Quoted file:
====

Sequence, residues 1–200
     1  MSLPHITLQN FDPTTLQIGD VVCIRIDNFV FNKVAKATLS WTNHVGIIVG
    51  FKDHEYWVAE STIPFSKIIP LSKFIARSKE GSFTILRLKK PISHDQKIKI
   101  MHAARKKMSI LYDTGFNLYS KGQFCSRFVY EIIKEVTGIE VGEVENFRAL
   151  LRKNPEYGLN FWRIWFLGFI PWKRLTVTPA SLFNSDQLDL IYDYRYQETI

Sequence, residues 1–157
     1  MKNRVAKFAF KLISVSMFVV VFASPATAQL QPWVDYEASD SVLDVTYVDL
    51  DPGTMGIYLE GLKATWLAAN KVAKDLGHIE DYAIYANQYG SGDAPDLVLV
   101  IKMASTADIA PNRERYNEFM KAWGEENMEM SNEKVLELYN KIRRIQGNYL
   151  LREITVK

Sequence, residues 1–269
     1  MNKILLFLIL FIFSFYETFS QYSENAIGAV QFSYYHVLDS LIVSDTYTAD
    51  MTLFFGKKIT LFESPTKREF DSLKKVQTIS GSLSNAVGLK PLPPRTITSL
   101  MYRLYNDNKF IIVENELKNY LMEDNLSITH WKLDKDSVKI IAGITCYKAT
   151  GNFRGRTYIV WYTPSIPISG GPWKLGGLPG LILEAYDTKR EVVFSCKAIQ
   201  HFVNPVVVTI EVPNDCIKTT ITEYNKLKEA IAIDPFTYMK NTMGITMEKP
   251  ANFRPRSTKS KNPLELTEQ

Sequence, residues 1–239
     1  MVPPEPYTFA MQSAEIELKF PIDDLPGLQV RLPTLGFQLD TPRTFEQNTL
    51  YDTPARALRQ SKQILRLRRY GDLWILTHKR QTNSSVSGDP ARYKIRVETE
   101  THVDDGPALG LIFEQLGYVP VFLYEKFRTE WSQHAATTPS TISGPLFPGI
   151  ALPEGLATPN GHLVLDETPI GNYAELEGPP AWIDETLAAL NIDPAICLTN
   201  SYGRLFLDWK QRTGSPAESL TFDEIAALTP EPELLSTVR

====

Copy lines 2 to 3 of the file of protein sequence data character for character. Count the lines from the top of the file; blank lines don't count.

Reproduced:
     1  MSLPHITLQN FDPTTLQIGD VVCIRIDNFV FNKVAKATLS WTNHVGIIVG
    51  FKDHEYWVAE STIPFSKIIP LSKFIARSKE GSFTILRLKK PISHDQKIKI